SILOPI, Turkey — The Omers’ journey to safety was the stuff of nightmares: gun-wielding militants firing on cars of screaming children, tens of thousands of people trapped on a mountain, mothers keeping dehydrated babies alive with their own saliva.
It took nine days for Omer Omer and his wife, Baraa, both 60, to make the desperate trip with their family from the town of Sinjar in northwestern Iraq to the relative safety of Silopi, a border town in southeast Turkey. After hardline militants from the Islamic State captured Sinjar earlier this month, vowing to kill members of the Yazidi religious minority unless they converted to Islam, they fled to Mount Sinjar, along with tens of thousands of other civilians. They say they were stuck there in the blazing heat for five days without food or water as people perished around them.
Now the Omers, their faces sunburned and covered in rashes, are seeking refuge with 22 family members and neighbors in a tiny, rundown concrete home in Silopi. The house, occupied for the first time since it was built years ago by Turkey’s Housing Development Administration, is part of a makeshift camp set up here in the past week. According to local aid workers, there are are some 700 Yazidis at the camp and about 800 others seeking refuge around Silopi in other makeshift camps and homes. They consider themselves the lucky ones.
“When we left our village, the Islamic State was shooting at our car,” Baraa says as flies buzz around her. “There were eight people in our car and people were running alongside us trying to hide themselves.”
Looking down, she adds, “My disabled cousin was burned in her house.”
Baraa’s family says that heavily armed members of the Kurdistan Workers’ Party (PKK), a group designated as a terrorist organization by Turkey and the United States, saved their lives by escorting them and other Yazidis from Sinjar, battling Islamic State militants along the way. They say that without the PKK’s help and a car to drive to the mountain — many of their friends and neighbors fled on foot — they wouldn’t have survived.
The Omers’ 26-year-old daughter, Busra Saeed, says that the most harrowing moment of her journey was not when the militants lit her neighbors’ homes on fire, or when bullets started flying, but when she crossed the Hezil Suyu river from Iraq to Turkey.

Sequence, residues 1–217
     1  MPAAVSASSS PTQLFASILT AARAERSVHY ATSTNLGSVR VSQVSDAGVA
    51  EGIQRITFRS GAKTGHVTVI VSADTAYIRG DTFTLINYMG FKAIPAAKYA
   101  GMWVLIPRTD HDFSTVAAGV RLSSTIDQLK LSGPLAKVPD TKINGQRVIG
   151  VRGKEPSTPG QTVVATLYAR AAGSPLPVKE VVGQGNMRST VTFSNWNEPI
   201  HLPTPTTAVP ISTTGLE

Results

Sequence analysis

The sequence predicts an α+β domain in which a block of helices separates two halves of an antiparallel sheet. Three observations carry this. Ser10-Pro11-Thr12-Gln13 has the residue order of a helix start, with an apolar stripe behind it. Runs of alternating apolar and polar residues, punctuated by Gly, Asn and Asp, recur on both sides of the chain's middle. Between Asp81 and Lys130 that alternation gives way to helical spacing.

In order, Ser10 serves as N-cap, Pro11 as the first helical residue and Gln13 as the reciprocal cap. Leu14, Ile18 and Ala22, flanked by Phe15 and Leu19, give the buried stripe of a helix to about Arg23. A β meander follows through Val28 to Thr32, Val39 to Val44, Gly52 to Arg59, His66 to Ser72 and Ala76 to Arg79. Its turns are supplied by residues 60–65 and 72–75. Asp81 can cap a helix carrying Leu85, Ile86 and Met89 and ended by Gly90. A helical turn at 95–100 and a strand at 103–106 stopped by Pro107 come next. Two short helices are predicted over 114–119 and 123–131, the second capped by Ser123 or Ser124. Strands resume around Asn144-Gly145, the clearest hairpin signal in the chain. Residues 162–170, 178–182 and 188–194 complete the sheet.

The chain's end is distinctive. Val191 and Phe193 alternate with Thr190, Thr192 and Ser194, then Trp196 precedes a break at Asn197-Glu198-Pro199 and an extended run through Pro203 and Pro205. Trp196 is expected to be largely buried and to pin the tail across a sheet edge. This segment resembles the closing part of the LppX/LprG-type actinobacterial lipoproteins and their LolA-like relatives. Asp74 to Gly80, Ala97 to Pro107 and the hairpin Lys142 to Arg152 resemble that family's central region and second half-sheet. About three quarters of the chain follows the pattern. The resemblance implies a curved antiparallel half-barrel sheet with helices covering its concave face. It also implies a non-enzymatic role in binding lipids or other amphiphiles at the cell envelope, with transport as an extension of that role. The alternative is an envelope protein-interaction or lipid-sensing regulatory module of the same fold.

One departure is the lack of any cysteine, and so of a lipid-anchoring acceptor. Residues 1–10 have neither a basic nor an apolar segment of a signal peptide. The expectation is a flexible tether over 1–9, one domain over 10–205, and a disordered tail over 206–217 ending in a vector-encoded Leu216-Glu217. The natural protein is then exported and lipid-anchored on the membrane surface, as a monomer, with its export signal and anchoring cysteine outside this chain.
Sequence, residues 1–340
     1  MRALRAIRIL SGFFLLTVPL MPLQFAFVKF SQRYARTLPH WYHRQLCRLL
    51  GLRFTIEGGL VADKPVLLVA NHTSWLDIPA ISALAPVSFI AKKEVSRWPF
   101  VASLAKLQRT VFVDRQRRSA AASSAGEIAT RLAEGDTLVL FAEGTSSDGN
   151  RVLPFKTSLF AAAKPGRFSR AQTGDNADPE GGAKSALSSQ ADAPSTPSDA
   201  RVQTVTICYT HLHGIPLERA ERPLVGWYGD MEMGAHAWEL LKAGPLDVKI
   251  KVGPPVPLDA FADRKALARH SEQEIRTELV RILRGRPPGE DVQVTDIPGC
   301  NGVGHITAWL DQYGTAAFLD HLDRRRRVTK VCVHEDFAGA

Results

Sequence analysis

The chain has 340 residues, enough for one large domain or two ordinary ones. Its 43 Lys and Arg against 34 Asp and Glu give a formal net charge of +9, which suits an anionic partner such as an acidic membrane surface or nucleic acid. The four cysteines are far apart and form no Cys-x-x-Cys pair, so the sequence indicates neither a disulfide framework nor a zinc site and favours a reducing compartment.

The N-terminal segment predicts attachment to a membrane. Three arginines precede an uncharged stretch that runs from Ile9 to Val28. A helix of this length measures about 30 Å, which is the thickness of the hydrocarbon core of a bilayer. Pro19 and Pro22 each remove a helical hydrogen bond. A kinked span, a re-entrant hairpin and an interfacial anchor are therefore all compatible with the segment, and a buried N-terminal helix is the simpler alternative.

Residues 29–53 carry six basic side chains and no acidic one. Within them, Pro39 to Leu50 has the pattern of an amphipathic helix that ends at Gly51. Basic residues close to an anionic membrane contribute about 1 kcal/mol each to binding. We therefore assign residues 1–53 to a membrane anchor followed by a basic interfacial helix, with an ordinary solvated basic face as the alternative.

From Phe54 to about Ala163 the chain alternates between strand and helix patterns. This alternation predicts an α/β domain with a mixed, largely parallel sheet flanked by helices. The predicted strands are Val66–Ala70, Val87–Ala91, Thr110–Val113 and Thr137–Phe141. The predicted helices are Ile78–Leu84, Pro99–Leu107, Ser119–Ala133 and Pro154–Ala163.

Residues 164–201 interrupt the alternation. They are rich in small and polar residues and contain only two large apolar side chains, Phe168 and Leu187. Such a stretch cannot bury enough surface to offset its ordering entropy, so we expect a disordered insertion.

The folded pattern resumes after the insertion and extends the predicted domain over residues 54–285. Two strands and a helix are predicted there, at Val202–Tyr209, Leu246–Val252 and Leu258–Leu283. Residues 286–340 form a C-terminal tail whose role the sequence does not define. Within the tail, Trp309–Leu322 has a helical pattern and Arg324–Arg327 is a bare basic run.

“The river was breast-deep,” she says while holding her 2-year-old son, Waseem. “I thought I would lose him.”
As the Islamic State continues to gain more territory in Iraq with the goal of creating an Islamic caliphate, it has reportedly killed at least 500 Yazidis, burying some alive. While some people who fled to Mount Sinjar have been rescued by helicopters and others have managed to reach Turkey, Syria or safer parts of Iraq, the death toll is climbing daily. Another day on the mountain is another day without adequate food, water, medical attention or shelter.
Sitting in the excruciating summer heat, refugees here exchange horror stories as children around them stare blankly into space. The refugees have one word for what the Islamic State is doing to their people in Iraq: genocide.
“How can we go back there?” Baraa asks, her lilac-colored dress matching her husband’s tunic. “They will kill us.”
Baraa says that one of her neighbors called her a few days ago and said he had witnessed militants kill a pregnant woman and cut open her belly. Stories of women and children being used as sex slaves run rampant in the camp. A United States official confirmed last week that some women are being sold or married off to Islamic State fighters.
Just days ago, Baraa and her family were eating leaves to survive. Now, they’re living off donations from Silopi locals and volunteer aid workers. The family has even received medical treatment for diabetes, paid for by Kurdish locals.
But the refugees wonder how long they can survive on donations from generous strangers.
“People here share their things with us, but how will they do this for a year, two years?” Omer asks.
Yazidis desperately seeking sanctuary in Turkey find a cash-strapped country already facing a crippling refugee crisis. More than 800,000 registered Syrian refugees — and many more without permits — have poured over the border in the past three years to escape the civil war in their country, settling in refugee camps, crowded apartments and even bus stations.
Like many Syrians who came before them, Yazidi refugees here say that smugglers are charging hefty fees — around $600 per person — to sneak people without passports or papers across the border. Many Yazidis fled in the middle of the night, some of them still in their pajamas, so they didn’t have a chance to grab large amounts of cash. Most could not afford such a large fee in the first place.
Some Yazidis who lack proper documentation have been turned away at the border by Turkish guards, refugees say, while others have been detained. Outside of a school here now being used as a detention center for undocumented Yazidis, Turkish security officials holding assault rifles pace next to exhausted refugee families. After a week of barely surviving, they now find themselves prisoners in a foreign land.
Several mothers in Silopi say they had to leave their children behind with other family members because they don’t have passports for them. They are waiting to somehow get the appropriate paperwork or find a way to smuggle their children across. They say they’re not going back to Iraq — not ever.
Back at the makeshift refugee camp, a short drive from the detainment center, Omer says he considers himself and his fellow Yazidis stateless.
“This is the end for us,” he says, as his family sits in silence around him.
Angel Ucar contributed reporting from Silopi.